If you want to use PBR for clients in a vlan on a L3 then you would apply the route map to the L3 vlan interface for that vlan.
Once you apply it all traffic coming from clients on that vlan will checked against the acls in your PBR config. Whether or not it is policy routed depends on whether the traffic matches an entry in the acls in your PBR config. If it does then the action specified in your PBR config will be applied. If it doesn't then the traffic will be route using the routing table.
But i want traffic coming to the clients "from outside" to be examined against the PBR, not traffic from the clients - will associating the route map to the interface vlan accomplish that as well?
No it won't. PBR works on traffic arriving on an interface and not leaving an interface.
Perhaps if you could describe in a bit more detail what exactly you are trying to do. Where is the traffic coming from, how does this relate to the 4500, what are you trying to achieve ?
I am trying to route using PBR traffic that's incoming to the LAN to a certain address or via a certain TCP port to a specific host in the LAN. But the switch which is under my control doesn’t have layer 3 physical interface towards the infrastructure that goes to the internet – so it receives the traffic from there via layer 3 port, at least I think so. Is there a command that checks for layer 3 interfaces and what solution can I use for that scenario?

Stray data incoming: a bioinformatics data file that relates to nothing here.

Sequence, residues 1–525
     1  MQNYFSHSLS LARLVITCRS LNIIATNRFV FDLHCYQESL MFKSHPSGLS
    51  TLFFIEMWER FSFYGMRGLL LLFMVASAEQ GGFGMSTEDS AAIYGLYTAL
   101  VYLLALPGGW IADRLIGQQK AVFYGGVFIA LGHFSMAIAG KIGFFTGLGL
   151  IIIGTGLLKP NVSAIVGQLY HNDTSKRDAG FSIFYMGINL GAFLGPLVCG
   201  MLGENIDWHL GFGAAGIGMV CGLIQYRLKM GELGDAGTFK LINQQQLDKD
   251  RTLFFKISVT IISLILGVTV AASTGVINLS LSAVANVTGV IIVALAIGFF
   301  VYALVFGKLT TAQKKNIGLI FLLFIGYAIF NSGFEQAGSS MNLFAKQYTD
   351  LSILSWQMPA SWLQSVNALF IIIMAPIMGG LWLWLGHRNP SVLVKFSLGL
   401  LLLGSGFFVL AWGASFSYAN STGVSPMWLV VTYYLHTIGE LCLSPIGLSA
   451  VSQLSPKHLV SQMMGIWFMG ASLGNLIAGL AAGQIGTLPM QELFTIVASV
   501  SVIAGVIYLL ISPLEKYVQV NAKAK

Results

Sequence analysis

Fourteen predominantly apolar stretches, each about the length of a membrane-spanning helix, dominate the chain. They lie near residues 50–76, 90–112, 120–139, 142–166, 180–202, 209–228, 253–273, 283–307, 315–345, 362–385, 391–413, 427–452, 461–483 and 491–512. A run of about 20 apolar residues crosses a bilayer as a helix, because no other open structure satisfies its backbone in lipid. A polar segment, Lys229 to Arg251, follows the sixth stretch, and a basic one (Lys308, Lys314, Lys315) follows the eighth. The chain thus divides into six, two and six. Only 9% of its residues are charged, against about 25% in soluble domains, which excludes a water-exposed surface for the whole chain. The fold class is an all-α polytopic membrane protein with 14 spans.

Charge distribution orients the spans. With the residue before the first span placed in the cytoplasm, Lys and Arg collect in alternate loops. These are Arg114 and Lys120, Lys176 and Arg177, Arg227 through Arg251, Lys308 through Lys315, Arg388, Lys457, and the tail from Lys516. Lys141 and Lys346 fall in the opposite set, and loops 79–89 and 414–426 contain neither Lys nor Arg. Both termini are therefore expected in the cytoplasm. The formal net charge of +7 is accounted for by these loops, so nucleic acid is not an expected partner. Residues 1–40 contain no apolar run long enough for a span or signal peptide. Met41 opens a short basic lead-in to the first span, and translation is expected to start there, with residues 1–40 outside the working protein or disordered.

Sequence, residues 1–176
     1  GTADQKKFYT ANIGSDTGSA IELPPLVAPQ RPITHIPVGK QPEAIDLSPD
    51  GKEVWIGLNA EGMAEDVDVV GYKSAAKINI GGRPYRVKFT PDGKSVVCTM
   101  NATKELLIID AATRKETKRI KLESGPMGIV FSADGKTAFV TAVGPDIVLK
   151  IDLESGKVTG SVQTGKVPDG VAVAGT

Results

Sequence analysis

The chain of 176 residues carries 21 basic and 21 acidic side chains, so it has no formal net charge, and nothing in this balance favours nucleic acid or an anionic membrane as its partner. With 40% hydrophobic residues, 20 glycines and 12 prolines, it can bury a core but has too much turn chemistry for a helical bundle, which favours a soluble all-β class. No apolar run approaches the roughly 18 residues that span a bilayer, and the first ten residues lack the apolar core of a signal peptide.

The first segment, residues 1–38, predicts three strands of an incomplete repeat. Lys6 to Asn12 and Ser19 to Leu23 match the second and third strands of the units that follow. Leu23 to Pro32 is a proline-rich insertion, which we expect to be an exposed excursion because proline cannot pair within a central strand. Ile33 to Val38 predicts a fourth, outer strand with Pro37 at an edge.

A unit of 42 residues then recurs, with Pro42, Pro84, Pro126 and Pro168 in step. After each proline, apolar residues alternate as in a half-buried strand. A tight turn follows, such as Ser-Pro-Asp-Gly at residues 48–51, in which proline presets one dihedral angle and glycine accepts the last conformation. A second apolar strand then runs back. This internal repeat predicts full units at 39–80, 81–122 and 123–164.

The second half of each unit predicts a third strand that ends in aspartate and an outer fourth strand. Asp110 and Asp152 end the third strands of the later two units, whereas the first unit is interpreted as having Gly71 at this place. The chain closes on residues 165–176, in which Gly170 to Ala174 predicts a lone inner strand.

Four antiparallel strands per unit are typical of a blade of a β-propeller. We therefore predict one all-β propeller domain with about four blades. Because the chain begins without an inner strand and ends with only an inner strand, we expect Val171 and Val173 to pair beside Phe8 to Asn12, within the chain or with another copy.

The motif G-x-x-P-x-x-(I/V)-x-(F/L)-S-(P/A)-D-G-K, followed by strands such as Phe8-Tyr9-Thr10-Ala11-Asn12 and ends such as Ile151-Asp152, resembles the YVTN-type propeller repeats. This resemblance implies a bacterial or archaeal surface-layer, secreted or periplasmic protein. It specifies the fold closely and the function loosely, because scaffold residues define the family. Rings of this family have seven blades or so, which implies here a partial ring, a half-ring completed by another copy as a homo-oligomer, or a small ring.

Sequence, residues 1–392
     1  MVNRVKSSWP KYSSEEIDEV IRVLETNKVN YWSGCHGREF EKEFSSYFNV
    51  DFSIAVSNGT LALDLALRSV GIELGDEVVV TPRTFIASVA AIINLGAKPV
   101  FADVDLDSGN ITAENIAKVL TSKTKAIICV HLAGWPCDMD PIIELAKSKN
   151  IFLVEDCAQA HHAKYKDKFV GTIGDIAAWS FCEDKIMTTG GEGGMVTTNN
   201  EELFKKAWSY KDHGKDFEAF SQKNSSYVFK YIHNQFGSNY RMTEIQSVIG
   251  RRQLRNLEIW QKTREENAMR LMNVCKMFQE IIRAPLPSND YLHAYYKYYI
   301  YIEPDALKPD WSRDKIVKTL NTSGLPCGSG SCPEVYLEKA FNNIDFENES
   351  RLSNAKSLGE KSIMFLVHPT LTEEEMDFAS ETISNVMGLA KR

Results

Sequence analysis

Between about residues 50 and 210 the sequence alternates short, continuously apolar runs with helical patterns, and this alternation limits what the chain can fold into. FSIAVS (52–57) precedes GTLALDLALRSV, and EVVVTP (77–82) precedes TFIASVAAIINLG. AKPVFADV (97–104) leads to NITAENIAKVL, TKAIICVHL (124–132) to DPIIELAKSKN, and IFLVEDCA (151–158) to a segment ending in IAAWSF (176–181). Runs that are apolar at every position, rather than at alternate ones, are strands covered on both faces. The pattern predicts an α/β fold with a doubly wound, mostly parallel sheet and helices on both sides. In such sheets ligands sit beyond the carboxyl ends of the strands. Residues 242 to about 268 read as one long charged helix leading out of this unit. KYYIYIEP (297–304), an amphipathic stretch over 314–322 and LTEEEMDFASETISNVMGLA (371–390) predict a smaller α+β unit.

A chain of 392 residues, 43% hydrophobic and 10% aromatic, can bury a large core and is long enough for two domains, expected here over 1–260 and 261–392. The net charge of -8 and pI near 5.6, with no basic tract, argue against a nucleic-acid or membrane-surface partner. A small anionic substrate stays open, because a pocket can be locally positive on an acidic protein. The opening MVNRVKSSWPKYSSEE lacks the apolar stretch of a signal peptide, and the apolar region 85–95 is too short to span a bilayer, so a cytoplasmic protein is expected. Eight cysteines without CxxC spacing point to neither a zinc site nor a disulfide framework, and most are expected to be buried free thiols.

You can do a "sh ip int br | exclude Vlan" to see all the physical ports. If any of these ports have an IP assigned to then it is a L3 routed port.
But how does the switch connect to the rest of the infrastructure. It doesn't have to be a routed port, it could be a L3 vlan interface on your switch in which case you could apply PBR on that interface. But if the link to the rest of the infrastructure is in the same vlan as the client(s) you want to send PBR traffic to then you can't do it.
So how does your switch connect to the rest of the infrastructure ? If you have a default route on your switch which points to a next hop device then you should be able to work out the 4500 end of that connection.